Bourn, notably, got just 144 plate appearances through his age 24 seasons and then was terrible in his age 25 season before putting up a big year with the Astros at age 26 (285/354/384 with 61 stolen bases).

Revere has displayed no power to date, even relative to the light-hitting Pierre and Bourn, and almost surely never will.

His isolated power in 2011 was .042. That was 175 of 175 players across both leagues with 450 or more plate appearances. Pierre was 174th on that list at .049.

In 2012, Revere was at .049. That was 114th of 114 players across both leagues with 550 or more plate appearances. Nobody else with 550 or more PA came close to showing that little power last year. Yunel Escobar was 113th of 114 and his isolated power was .091.

If you remove the 2006 season for Bourn in which he got 11 plate appearances, there are 13 seasons between Pierre, Bourn and Revere on the table above. Revere’s best mark for isolated power over the last two seasons is .049. There’s only one season in which either Pierre or Bourn has an isolated power worse than .049 — Pierre put up an .049 in 2011 on his way to a miserable, negative WAR season.

Bourn’s isolated power in 2012 was .117, which is the highest mark for any of the 13 seasons. Between both leagues, there were 148 players who got at least 500 plate appearances in 2012. Bourn’s isolated power of .117 was 122nd best of the 148.

The Phillies traded relievers Josh Lindblom and Lisalverto Bonilla to Texas for Michael Young. The linked article also suggests that the Rangers will pay about $10 million of Young’s 2012 salary, leaving $6 million for the Phillies to pay. It also suggests the Phillies paid Young $1.2 million to waive his no-trade clause and will give him a new no-trade clause.

Young was terrible in 2012. If he’s that bad again in 2013, that’s not going to work out for the Phillies. I like the deal, though, cause he still has upside and willing be playing for his next contract. Linblom’s numbers out of Dodger Stadium were never real impressive.

This article says that after the trade of Worley, the Phillies are looking for a low-risk, high-reward type guy to help fill out the rotation and mentions John Lannan, Dallas Braden, Carlos Zambrano and Roy Oswalt.

Center fielders of attention

John Mayberry, Shane Victorino and Ben Revere have all gotten at least 296 plate appearances in each of the last two years. Here’s how some of their numbers from FanGraphs and Baseball-Reference compare:

PA wOBA CF innings UZR/150 in CF bWAR fWAR
Revere ’11 481 267/310/309 .278 776 1/3 15.1 0.7 2.0
Revere ’12 553 294/333/342 .300 309 -2.1 2.4 3.4
Revere career 1064 278/319/323 .287 1123 1/3 9.2 - -
Victorino ’11 586 279/355/491 .368 1150 2/3 5.7 5.2 5.9
Victorino ’12 666 255/321/383 .310 950 -2.4 2.4 3.3
Victorino career 4295 275/341/430 .338 6571 2/3 3.1 - -
Mayberry ’11 296 273/341/513 .368 246 2/3 -5.6 1.6 2.5
Mayberry ’12 479 245/301/395 .303 474 1/3 -20.7 0.5 0.4
Mayberry career 848 254/313/448 .329 728 -15.9 - -

Starting with the offense, things don’t look good for Revere. Both Victorino and Mayberry were miserable offensively in 2012, which was the better of the two years for Revere, and both finished with a higher wOBA.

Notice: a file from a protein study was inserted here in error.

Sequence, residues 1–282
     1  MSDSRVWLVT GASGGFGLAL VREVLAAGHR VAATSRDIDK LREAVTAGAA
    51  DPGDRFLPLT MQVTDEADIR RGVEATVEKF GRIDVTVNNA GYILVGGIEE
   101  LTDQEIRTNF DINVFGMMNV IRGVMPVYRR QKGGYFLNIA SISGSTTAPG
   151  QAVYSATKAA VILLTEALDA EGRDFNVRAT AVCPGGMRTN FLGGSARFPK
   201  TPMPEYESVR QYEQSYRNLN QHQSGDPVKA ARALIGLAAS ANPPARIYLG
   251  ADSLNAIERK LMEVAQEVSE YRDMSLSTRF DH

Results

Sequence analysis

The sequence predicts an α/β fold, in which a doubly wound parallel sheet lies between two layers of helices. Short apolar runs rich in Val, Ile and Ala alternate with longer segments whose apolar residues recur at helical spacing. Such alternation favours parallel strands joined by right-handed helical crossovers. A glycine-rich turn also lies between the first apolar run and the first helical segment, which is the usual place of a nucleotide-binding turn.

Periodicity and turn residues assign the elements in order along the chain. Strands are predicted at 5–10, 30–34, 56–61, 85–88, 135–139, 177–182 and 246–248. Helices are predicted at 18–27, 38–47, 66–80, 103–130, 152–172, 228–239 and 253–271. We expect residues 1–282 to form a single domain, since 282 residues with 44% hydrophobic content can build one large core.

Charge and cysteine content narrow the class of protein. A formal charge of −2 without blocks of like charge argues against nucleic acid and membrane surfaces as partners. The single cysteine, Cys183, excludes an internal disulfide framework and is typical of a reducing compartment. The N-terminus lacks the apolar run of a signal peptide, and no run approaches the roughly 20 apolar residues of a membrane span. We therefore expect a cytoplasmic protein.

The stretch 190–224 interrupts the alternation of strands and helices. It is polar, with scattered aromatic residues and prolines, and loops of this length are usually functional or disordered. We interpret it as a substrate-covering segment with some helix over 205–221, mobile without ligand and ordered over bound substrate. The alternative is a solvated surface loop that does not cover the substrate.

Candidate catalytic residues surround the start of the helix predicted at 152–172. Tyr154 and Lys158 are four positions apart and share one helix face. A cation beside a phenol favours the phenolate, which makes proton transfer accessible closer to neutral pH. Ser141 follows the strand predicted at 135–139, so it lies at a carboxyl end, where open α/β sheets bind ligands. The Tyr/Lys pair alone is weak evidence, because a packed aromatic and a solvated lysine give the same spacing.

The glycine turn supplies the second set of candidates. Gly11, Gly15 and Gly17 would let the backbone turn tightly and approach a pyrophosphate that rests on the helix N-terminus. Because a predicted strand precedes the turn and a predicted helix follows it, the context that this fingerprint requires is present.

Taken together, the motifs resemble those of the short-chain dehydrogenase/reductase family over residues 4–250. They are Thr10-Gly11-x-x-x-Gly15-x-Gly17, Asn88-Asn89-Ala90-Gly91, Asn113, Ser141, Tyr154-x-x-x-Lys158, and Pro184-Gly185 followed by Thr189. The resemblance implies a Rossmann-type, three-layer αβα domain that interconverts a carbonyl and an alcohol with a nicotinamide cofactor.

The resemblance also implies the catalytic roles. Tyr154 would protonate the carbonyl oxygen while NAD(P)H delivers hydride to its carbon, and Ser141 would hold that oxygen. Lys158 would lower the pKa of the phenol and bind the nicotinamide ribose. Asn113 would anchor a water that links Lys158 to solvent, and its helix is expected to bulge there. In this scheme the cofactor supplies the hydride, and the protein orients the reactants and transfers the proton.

In 2011, there were 175 players across both leagues that got 450 plate appearances. Revere’s wOBA of .278 was better than six of them.

In 2012, his .300 wOBA was 100th of 114 players across both leagues with at least 550 plate appearances.

John Mayberry is far from a great hitter. Revere is .042 behind him in career wOBA, which isn’t a great place to be. FanGraph’s calculation of wOBA, which is what appears on the table, includes stolen bases and accounts for the 74 that Revere has swiped over the past two seasons.

Where he has been better than both Victorino and Mayberry over the past two years is defensively. Revere buries Mayberry. The numbers between Revere and Victorino are closer, about the same in 2012, but Revere’s career UZR/150 of 9.2 is considerably better than Victorino’s.

By WAR calculated by the two sites, neither Mayberry or Revere are able to hang with Victorino’s outstanding 2011 season. Revere comes out ahead against Mayberry in 2012, though, by a lot, and is tied with or better than Victorino by each of the calculations for that season.

Important to remember when you look at Revere’s 2012 numbers, though, is that he played more than twice as many innings defensively in right than he did in center. He played 708 1/3 innings defensively in right for the Twins and 309 in center. As the table above shows, he wasn’t particularly good in center in 2012, putting up an UZR/150 in center of -2.1. He was outstanding in right, though, playing to an UZR/150 in right of 27.2.

He was arguably the best defensive right fielder in baseball in 2012. Of the 28 players across both leagues, nobody who played at least 550 innings defensively in right had a better UZR/150 in right than Revere. If you drop that number down to 300 innings in right, Gregor Blanco (32.8 in 431 1/3 innings in right) and Ben Zobrist (30.2 in 541 1/3 innings in right) were both better.

Anyhow, the point is, in 2012 his outstanding defensive play in right helped him accumulate value and accumulate WAR. Assuming he’s going the be the every day center fielder for the Philies next year, he’s not going to have the chance to accumulate value in right. So let’s hope he brings that kind of defensive production to center.